Top French chef Alain Ducasse chases perfection
Alain Ducasse uses tech to finesse dining experience
MACAU As one of the world's most decorated chefs, Alain Ducasse is known for his forensic attention to detail - from thrice-ironed tablecloth to handpicked decor and cutlery.
The 62-year-old is arguably the doyen of France's "grande cuisine". His eateries have 20 Michelin stars, more than any living contemporary, and three of his restaurants have the coveted three-star accolade.
But just as Ducasse - who boasts more than 30 restaurants across seven countries - blends tradition and modernity in his menus, he sees tech as a way to finesse the dining experience. It is through social media that he discovered Benoit, his popular New York bistro, was messing up a classic French dish.
"Looking at the customer reviews, we realised there was an issue. Everyone was complaining about the roast chicken," said Ducasse during a visit in Macau.
"It was unbelievable."
He said this helped them spot and fix the issue immediately.
That Ducasse personally monitors the social media of all his restaurants is indicative of a man who insists on maintaining control of his businesses.
"Before we opened here, we spent three years choosing every detail. I know every object, there was a lot of personal involvement," Ducasse said of his eponymous restaurant in Macau at the Morpheus, a new 40-storey luxury hotel.
Morpheus, which just celebrated its one-year anniversary, earned two Michelin stars within six months. Ducasse's arrival in Macau was fortuitous.
The gambling hub has been ordered by Beijing to become a more family-friendly destination, leading to a surge in fine dining given the plethora of well-heeled, primarily Chinese tourists that flock to the city. It now boasts three three-star restaurants and five two-stars.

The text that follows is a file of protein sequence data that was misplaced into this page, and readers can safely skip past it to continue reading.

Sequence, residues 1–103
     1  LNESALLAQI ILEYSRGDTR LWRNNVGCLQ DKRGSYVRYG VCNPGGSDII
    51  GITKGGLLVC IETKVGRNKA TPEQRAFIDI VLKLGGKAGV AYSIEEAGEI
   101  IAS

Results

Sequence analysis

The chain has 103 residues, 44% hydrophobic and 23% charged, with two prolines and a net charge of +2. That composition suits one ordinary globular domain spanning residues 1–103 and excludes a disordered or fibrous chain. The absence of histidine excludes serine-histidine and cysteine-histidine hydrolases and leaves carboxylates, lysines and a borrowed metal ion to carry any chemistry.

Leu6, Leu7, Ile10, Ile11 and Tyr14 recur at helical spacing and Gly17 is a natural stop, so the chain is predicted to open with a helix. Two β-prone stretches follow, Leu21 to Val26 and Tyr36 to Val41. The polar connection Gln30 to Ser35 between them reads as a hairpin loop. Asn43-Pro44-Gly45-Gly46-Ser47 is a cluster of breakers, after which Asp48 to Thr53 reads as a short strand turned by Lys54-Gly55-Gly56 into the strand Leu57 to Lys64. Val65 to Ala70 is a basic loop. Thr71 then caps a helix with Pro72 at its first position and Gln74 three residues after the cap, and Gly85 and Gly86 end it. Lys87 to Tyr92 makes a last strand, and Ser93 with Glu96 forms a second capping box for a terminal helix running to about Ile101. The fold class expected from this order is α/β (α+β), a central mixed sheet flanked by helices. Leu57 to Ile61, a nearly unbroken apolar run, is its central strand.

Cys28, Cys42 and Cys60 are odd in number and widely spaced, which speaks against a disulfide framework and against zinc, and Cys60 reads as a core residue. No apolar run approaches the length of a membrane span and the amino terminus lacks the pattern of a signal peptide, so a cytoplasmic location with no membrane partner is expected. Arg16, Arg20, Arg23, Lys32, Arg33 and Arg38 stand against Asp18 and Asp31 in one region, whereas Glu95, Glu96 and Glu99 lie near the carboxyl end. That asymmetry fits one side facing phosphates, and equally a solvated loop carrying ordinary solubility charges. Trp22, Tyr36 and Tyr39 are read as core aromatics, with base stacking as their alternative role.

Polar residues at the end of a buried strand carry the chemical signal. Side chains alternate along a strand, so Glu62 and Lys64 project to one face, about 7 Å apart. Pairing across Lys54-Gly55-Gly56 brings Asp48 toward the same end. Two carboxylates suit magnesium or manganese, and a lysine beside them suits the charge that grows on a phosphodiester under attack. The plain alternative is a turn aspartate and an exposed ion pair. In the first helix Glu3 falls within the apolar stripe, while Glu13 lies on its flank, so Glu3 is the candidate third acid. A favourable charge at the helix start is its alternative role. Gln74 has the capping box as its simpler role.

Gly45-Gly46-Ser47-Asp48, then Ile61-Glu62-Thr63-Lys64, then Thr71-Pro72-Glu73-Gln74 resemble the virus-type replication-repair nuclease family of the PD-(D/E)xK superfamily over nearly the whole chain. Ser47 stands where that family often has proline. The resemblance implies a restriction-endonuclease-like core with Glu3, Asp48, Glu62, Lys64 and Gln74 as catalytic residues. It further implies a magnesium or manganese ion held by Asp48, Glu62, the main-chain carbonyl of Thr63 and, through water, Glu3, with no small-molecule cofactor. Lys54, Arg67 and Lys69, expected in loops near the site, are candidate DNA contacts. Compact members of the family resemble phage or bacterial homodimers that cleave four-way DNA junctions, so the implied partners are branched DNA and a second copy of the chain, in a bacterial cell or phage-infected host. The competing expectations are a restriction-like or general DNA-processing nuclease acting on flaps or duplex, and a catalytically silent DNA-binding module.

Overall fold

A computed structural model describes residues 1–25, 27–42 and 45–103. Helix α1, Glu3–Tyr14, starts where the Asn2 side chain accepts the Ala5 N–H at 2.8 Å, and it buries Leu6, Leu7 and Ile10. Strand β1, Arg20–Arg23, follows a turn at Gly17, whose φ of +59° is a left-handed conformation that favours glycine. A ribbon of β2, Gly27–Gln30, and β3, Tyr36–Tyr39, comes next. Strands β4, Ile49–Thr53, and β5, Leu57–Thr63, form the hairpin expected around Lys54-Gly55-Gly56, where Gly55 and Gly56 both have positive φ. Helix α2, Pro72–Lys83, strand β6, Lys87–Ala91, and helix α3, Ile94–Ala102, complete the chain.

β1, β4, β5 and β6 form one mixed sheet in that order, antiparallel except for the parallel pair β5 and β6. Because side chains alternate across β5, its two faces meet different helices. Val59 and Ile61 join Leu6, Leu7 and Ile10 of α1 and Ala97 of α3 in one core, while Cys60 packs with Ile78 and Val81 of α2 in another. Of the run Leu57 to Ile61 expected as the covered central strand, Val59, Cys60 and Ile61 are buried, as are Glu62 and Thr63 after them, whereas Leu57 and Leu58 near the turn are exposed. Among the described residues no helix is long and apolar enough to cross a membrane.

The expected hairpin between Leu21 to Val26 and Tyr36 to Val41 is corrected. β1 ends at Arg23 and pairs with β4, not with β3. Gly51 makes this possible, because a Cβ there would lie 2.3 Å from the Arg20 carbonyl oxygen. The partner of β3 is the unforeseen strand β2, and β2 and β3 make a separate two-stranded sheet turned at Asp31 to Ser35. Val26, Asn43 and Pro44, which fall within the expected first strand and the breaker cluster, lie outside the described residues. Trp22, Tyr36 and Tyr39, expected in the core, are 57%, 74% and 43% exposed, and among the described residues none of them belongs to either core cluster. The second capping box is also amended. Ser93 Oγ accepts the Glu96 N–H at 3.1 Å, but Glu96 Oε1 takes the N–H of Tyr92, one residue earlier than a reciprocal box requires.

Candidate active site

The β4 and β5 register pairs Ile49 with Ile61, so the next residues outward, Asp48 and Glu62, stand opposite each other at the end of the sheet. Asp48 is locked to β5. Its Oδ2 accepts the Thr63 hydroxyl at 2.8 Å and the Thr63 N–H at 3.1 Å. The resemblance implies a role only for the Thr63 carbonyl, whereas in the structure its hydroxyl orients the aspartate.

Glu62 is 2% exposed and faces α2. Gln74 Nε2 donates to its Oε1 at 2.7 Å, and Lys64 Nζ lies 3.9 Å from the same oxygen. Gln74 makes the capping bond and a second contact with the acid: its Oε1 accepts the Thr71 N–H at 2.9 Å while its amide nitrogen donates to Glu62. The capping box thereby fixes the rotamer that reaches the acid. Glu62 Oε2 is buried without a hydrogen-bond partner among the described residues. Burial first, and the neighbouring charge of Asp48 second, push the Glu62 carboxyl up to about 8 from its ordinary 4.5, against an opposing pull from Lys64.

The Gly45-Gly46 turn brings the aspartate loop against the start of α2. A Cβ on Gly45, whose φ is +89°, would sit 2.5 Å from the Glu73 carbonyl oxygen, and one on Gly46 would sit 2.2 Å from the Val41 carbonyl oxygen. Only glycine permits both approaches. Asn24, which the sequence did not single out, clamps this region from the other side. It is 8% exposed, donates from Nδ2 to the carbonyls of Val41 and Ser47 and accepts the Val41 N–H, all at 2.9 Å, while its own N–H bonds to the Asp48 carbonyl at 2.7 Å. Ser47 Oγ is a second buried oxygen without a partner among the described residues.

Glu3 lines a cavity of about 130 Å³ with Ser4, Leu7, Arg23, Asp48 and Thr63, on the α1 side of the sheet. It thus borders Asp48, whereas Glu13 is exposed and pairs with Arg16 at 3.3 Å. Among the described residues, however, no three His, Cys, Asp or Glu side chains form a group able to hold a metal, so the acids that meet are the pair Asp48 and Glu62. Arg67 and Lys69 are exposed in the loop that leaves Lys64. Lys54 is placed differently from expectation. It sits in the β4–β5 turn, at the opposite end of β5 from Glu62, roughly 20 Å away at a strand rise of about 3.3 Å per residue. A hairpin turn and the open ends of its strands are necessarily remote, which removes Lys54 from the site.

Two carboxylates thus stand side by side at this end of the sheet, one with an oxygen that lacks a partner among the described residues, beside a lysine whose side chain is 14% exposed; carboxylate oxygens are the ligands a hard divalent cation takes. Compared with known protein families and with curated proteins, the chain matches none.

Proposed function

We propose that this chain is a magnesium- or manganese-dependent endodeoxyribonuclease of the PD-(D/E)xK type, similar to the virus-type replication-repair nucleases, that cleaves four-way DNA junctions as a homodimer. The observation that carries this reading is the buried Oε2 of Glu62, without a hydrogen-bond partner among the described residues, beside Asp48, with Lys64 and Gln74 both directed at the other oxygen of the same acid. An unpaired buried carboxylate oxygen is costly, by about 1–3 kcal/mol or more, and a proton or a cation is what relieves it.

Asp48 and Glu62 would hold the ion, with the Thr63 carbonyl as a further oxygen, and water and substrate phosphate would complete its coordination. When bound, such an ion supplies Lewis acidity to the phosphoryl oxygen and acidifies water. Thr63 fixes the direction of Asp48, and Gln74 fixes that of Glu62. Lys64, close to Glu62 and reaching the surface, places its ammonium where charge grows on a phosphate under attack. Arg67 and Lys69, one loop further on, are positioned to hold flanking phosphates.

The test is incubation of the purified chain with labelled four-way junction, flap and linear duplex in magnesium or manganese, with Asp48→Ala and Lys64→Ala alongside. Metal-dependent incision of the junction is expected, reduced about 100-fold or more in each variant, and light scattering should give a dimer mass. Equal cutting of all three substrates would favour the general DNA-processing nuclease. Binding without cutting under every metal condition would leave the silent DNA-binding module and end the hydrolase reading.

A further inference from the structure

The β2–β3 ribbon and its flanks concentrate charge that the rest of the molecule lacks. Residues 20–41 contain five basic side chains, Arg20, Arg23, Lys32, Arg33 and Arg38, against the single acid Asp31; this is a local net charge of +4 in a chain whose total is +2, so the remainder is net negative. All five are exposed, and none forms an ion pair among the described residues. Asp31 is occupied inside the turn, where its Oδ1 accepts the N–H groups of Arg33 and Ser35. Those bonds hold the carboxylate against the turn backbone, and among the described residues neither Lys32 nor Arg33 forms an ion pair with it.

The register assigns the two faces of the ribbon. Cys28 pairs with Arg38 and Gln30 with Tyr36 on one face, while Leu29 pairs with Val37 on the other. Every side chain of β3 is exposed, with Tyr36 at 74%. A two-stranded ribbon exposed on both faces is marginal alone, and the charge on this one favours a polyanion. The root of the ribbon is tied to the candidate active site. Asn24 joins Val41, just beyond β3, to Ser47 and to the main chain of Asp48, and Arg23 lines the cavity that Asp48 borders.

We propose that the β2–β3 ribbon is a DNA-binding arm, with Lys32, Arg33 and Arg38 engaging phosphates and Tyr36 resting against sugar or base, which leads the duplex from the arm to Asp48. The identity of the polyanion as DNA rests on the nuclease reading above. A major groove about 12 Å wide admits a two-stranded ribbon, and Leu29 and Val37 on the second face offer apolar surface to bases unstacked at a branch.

Ducasse's first foray into Asia began 15 years ago in Japan, followed by Hong Kong and then Macau. Later this year, he plans to open a restaurant in a glitzy Bangkok mall and a Mediterranean-influenced grill in Singapore's Raffles hotel.
But Asian cooking is something he never plans to take on.
"I am not going to be a sushi master because it takes 10 years to learn to be a master of sushi. I do not have enough time," he said. Customers in Asia, said Ducasse, are looking for the best of French cooking.
The one foreign cuisine he feels more comfortable incorporating into his top-end restaurants is Middle Eastern fare - something France understands because of its colonial footprint.
Much of his cooking inevitably caters to the 1 per cent - the tasting menu at Le Louis XV in Monaco clocks in at US$410 (S$556) a head. But followers of Ducasse's food empire have noticed a shift in recent years to more accessible eateries. New openings such as Spoon 2 in Paris, Omer in Monaco - even the Singapore and Bangkok ventures - are more brasserie than haute cuisine. - AFP